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Agricultural land‐use history and restoration impact soil microbial biodiversity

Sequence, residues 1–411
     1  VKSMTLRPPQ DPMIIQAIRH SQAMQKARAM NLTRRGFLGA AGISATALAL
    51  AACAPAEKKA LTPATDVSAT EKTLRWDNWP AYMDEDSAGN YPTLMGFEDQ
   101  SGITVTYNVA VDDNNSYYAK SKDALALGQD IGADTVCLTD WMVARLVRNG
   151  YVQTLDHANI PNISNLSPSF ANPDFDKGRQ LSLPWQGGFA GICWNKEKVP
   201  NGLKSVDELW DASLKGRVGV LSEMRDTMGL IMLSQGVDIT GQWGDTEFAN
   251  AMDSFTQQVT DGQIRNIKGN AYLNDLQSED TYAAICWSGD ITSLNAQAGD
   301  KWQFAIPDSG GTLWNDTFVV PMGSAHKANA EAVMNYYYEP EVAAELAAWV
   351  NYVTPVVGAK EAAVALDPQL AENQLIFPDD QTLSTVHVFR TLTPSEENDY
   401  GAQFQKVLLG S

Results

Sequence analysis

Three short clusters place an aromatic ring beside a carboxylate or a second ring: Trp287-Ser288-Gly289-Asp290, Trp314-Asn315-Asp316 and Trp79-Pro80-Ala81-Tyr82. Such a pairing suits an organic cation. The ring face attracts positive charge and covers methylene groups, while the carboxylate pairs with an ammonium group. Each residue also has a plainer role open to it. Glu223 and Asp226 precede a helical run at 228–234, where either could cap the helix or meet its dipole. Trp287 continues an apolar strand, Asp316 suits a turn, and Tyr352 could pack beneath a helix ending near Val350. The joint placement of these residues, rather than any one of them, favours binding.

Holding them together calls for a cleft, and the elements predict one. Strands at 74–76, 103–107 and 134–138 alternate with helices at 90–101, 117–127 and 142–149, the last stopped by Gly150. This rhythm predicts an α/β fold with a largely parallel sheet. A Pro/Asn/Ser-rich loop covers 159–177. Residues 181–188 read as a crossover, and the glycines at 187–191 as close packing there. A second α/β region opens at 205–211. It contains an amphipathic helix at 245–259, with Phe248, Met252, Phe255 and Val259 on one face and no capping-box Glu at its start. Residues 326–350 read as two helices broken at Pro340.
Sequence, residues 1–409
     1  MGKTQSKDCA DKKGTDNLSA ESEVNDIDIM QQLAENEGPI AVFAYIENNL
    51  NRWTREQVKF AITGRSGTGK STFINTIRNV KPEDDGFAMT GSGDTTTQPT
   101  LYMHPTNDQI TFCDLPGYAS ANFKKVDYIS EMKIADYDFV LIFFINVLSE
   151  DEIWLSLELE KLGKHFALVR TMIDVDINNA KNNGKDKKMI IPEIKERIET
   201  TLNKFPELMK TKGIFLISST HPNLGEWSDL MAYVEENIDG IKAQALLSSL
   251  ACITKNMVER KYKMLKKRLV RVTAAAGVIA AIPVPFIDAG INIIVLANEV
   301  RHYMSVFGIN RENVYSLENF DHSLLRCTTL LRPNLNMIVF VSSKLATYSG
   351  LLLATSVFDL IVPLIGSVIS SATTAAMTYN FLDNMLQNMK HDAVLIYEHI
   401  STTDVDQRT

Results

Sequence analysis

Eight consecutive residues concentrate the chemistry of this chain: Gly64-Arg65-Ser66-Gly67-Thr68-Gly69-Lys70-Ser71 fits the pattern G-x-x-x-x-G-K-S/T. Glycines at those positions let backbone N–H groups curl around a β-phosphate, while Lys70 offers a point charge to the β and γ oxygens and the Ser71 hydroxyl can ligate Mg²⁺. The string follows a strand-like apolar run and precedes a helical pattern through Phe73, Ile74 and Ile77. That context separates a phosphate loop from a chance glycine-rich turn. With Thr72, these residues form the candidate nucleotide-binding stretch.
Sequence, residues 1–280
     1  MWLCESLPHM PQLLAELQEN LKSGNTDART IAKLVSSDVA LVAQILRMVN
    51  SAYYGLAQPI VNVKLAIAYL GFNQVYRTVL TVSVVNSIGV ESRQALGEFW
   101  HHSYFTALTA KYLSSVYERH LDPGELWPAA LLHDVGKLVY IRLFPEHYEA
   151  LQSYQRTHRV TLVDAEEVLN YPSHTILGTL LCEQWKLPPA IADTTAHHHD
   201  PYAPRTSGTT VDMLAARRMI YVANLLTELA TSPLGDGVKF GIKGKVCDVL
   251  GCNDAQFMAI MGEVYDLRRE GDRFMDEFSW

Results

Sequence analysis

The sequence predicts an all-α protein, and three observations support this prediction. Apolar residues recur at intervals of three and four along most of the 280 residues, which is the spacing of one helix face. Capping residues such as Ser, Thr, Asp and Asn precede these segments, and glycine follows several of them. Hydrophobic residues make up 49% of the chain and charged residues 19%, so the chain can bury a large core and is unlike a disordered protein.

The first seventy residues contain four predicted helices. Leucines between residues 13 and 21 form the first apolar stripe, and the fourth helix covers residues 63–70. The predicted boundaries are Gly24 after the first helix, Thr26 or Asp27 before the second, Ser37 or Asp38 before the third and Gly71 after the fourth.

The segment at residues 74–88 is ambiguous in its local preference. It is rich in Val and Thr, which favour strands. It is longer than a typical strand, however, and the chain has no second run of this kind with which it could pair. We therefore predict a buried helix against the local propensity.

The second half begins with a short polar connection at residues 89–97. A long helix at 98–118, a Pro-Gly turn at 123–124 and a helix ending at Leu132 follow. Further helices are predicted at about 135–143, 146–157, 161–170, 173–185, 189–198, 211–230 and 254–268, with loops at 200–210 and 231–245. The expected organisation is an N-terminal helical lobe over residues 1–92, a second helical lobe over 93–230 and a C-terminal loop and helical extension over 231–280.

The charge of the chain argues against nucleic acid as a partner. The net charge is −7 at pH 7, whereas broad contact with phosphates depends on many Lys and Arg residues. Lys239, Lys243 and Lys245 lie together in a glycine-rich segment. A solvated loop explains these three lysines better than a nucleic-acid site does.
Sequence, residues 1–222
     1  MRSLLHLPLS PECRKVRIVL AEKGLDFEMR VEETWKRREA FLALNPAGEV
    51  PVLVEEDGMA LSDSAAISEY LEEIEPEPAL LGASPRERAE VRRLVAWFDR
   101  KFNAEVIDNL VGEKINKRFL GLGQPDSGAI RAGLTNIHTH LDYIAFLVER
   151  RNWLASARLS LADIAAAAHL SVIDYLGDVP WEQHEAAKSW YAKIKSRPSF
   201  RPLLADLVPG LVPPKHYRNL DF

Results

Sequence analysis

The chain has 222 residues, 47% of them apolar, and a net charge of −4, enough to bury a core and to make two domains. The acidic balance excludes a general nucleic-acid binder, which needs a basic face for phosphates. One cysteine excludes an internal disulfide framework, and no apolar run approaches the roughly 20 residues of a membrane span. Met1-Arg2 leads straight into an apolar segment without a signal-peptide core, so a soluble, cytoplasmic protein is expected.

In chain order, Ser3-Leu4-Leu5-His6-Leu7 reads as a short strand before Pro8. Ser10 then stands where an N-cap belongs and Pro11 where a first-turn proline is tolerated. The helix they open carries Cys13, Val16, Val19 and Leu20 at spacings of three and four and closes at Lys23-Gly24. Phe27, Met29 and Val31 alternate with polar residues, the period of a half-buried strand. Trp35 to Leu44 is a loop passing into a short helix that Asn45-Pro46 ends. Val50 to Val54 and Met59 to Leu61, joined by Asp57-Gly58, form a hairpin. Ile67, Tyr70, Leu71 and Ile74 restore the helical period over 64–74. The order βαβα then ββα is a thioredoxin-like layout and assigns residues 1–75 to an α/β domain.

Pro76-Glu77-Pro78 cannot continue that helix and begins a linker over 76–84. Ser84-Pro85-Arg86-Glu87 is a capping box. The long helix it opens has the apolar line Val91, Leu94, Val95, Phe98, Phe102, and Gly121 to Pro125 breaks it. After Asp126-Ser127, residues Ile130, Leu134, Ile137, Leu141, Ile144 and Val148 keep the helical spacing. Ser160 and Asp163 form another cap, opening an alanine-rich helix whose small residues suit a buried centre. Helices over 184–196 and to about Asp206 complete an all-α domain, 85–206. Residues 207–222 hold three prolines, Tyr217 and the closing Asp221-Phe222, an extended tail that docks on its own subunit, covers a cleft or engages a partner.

Human land uses, such as agriculture, can leave long‐lasting legacies as ecosystems recover. As a consequence, active restoration may be necessary to overcome land‐use legacies; however, few studies have evaluated the joint effects of agricultural history and restoration on ecological communities. Those that have studied this joint effect have largely focused on plants and ignored other communities, such as soil microbes. We conducted a large‐scale experiment to understand how agricultural history and restoration tree thinning affect soil bacterial and fungal communities within longleaf pine savannas of the southern United States. This experiment contained 64 pairs of remnant (no history of tillage agriculture) and post‐agricultural (reforested following abandonment from tillage agriculture >60 years prior) longleaf pine savanna plots. Plots were each 1‐ha and arranged into 27 blocks to minimize land‐use decision making biases. We experimentally restored half of the remnant and post‐agricultural plots by thinning trees to reinstate open‐canopy savanna conditions and collected soils from all plots five growing seasons after tree thinning. We then evaluated soil bacterial and fungal communities using metabarcoding. Agricultural history increased bacterial diversity but decreased fungal diversity, while restoration increased both bacterial and fungal diversity. Both bacterial and fungal richness were correlated with a range of environmental variables including aboveground variables like leaf litter and plant diversity, and belowground variables such as soil nutrients, pH, and organic matter, many of which were also impacted by agricultural history and restoration. Fungal and bacterial community compositions were shaped by restoration and agricultural history resulting in four distinct communities across the four treatment combinations.